After finishing the first stages of treatment for gambling addiction, a problem gambler may have a better understanding of the disease, the circumstances that trigger undesirable gambling behavior, and the importance of taking things one day at a time. But because money is essentially the drug of choice for a gambler, effective financial management is critical to recovery as they move into aftercare and beyond.
To get a sense of current practices in the field, Northstar spoke with several state gambling treatment providers to learn how they address this issue. Here’s what we found:
Craig Johnson, LADC, Club Recovery
Financial education is part of the curriculum at Club Recovery. Specific topics include looking at what money means to the client, helping clients understand the value of money, examining the emotional meaning of money, developing a repayment plan, exploring attitudes about money in the family of origin, and looking at potential conflicts with partners or others about money. “To me, the two most important things for gamblers to understand are that their drug of choice is money and that having access to money is a bad thing,” says Craig.
Education is also focused on what clients can do immediately to lessen their access to cash, such as using cards designed exclusively for gas or food, or using reloadable debit cards. Craig also encourages clients to adopt low ATM withdrawal limits, such as $10, to create a barrier where the client has to at least stop and think about what they’re doing.
Clients are also referred to Freedom Financial as necessary to help them get out of debt. “Most clients have maxed out their credit cards and need some type of debt consolidation,” says Craig. “Half of my clients say this was the best thing they ever did.”
John Rundquist, LADC, Crossroads Aftercare
Crossroads provides financial counseling for clients so they can better understand how they perceive money, the value it has to them, and how to budget. “Before, money was an avenue to act out,” says John. “Now, it’s supposed to help them do normal things, such as paying for groceries, housing and fun.” Crossroads employs a financial coach trained by Prepare + Prosper, a nonprofit that works with individuals and families to improve their financial situations.
John also feels that the field, as a whole, needs to incorporate more focus on the financial aspect of aftercare. “It seems there’s a lot of talk about trauma and therapy at national conferences, but not that much focus on money, which is essentially the drug,” says John. “Financial counseling as part of aftercare for those with gambling addiction is vital.”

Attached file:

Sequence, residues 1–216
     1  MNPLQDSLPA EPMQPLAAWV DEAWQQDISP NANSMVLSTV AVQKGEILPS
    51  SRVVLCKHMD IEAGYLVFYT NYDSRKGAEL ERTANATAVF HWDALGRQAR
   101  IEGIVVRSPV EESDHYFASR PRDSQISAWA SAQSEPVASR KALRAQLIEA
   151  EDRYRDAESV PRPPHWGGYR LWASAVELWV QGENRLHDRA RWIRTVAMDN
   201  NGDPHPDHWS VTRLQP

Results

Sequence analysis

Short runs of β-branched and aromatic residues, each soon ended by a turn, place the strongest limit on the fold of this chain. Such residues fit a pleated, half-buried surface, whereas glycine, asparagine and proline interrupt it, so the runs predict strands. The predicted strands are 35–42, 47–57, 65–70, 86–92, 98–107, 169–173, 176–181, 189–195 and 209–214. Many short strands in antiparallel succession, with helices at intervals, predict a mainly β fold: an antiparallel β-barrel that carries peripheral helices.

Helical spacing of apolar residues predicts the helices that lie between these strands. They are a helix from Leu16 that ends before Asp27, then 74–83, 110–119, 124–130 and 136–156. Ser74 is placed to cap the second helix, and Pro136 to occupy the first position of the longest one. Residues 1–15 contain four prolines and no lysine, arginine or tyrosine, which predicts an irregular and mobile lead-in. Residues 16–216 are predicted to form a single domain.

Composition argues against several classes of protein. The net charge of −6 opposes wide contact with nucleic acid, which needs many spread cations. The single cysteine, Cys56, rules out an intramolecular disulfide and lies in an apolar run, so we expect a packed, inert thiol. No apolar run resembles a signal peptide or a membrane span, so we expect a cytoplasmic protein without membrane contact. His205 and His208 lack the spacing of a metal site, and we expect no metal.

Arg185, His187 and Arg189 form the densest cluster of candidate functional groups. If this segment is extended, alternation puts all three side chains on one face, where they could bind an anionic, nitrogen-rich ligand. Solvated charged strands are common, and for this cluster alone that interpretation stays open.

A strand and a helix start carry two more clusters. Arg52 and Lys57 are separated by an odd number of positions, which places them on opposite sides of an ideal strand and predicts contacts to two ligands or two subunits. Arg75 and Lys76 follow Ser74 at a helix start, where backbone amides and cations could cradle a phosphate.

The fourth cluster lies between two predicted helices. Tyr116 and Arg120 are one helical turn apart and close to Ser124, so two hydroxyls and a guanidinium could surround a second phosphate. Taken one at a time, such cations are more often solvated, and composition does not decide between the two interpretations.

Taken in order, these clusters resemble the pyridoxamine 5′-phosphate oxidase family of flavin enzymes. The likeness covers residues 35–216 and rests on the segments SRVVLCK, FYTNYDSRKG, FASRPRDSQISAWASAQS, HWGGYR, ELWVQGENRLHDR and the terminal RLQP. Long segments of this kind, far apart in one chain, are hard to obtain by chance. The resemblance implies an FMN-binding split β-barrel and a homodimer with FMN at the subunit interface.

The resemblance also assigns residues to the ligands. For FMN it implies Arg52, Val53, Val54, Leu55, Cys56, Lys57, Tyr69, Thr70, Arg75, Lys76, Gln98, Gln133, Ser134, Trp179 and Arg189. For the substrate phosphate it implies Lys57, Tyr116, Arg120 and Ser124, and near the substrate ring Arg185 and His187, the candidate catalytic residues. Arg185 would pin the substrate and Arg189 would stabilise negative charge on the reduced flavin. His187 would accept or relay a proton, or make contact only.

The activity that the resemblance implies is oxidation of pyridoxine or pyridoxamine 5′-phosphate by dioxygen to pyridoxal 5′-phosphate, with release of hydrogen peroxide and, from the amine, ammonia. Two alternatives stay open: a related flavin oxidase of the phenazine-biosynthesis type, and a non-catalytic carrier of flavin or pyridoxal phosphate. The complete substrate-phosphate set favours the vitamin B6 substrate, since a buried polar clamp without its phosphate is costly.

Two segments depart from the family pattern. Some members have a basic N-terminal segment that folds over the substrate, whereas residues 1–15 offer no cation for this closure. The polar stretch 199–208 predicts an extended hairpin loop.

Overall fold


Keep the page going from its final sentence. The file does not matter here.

Susan Campion, MS, LADC, Fairview Recovery Services
At Fairview, money and a gambler’s relationship with it is one of the topics discussed in the group program. “Initially, money has no value to gamblers,” says Susan. “It’s like Monopoly money.”
Fairview works to incorporate a client’s healthy relationship with money into a plan for getting clean. It also encourages recovering gamblers to use Family Means, a Stillwater-based nonprofit that can help with consolidation of debt, financial education and, if needed, bankruptcy.
Sheryl Anderson, LADC, Vanguard Center for Gambling Recovery
Vanguard contracts with nationally certified financial counselors from the University of Minnesota Extension. Counselors meet with each patient and their potential payee or family member on a one-to-one basis to develop a spending plan that supports recovery. The counselors also provide a monthly educational session for patients and families about how to manage a loved one’s finances. Patients are encouraged to identify a trusted individual who can help manage their finances to slow down access to cash and credit while incorporating accountability and structure. Various other resources are provided, such as the National Foundation for Credit Counseling, Family Means, LSS Financial Counseling Services and the Village Financial Resource Center.
“We also do a great deal of psycho-education counseling on the value of money, a person’s worth not being tied to their bank account, etc.,” says Sheryl. “Money is seen as the drug.”
A Glaring Need for Affordable Professional Payees
All providers stressed the importance of having a payee, someone who can essentially conduct and oversee the financial affairs of an individual to ensure that money is disbursed in a responsible fashion. The goal is not so much to monitor everything, but to look at where money goes and to make sure it’s all accounted for.
Some recovering gamblers use a family member for this role, but that can create difficulties. “When someone has to ask their partner for money it can create a one-downmanship,” says Susan, “so it’s often preferable to have an outside party involved.”
Unfortunately, finding a professional payee that’s affordable is an increasing challenge. “There used to be more payees but the liability has become quite high,” says Craig. “You almost have to go to a CPA, but CPAs can cost a lot of money for a population that doesn’t have much money.”
The Field as a Whole
While these practices reflect what’s being done by the larger providers of gambling counseling in the state, Northstar has not surveyed small or sole practitioners. We welcome hearing from these providers as to how they handle financial counseling with their clients. It seems clear that engagement with a financial counselor as part of a client’s treatment plan is a best practice that all providers should consider.
For more information about the financial counseling services available in Minnesota to help gamblers and their families, please click here.